Appointed to the Texas Supreme Court in 1999 and on the bench just shy of two years, Gonzales votes pro-business on employer cases, ruling for companies and against consumers more often than not. One telling example of his leanings: He joined a 2000 majority ruling that blocked a class-action lawsuit against Ford Motor Co. filed by car owners whose vehicle paint had begun to crack and peel prematurely. And according to Texas consumer groups, Gonzales voted with the insurance industry against consumer complaints and class-action suits about 70% of the time.
Gonzales' record on private property rights is more nuanced than some pro-business groups might like, however, particularly since many Supreme Court rulings on takings and similar issues hang on narrow 5-4 majorities. For example, Gonzales voted to strike down a Texas law allowing landowners to create their own water quality zones, essentially exempting themselves from environmental and water quality ordinances.
Gonzales also revealed at least a moderate streak on abortion when he joined a majority ruling on the Texas court, allowing minors, in some circumstances, to bypass parental notification requirements before having the procedure.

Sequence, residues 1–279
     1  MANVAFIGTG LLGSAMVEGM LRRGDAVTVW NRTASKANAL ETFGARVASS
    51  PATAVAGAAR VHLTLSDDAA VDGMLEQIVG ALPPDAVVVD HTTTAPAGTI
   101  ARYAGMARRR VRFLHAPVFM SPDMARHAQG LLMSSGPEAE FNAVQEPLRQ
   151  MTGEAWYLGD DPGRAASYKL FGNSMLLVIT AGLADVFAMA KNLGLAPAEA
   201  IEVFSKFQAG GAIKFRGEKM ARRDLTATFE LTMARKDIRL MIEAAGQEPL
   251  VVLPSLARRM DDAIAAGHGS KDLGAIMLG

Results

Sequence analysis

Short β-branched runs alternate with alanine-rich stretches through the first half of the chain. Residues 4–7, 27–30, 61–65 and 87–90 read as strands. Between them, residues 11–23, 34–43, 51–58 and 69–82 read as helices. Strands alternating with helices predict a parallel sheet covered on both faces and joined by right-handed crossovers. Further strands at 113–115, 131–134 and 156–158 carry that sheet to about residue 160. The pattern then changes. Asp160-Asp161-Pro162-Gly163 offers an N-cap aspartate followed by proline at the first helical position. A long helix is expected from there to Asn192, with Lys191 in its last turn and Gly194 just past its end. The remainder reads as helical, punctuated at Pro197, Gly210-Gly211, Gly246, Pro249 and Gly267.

Rehnquist's resignation would do more than open a slot on the high court, though. It also would leave open the position of chief justice. Although it is not unheard of for a president to nominate an outsider directly to the chief justices chair, current members of the Court more typically are elevated. The presidents conservative political base will push to give the job to Antonin Scalia, usually seen as the Courts most conservative member. But thats the one choice sure to touch off a firestorm in the Senate, with pro-choice allies worried about Scalias strong antiabortion stance.
Instead, the best bet as Bush's pick is Justice Sandra Day O'Connor. Rumors that she, too, was contemplating resignation have largely dissipated. O'Connor appears to enjoy her role as a centrist and would certainly relish the prospect of being elevated to chief justice. Promoting O'Connor to the top post would make Bush the first president to name a woman to head the Supreme Court. Such a move would embellish the presidents centrist credentials and provide ample political cover to move a conservative nominee through the Senate to fill the vacated seat, satisfying the presidents conservative supporters.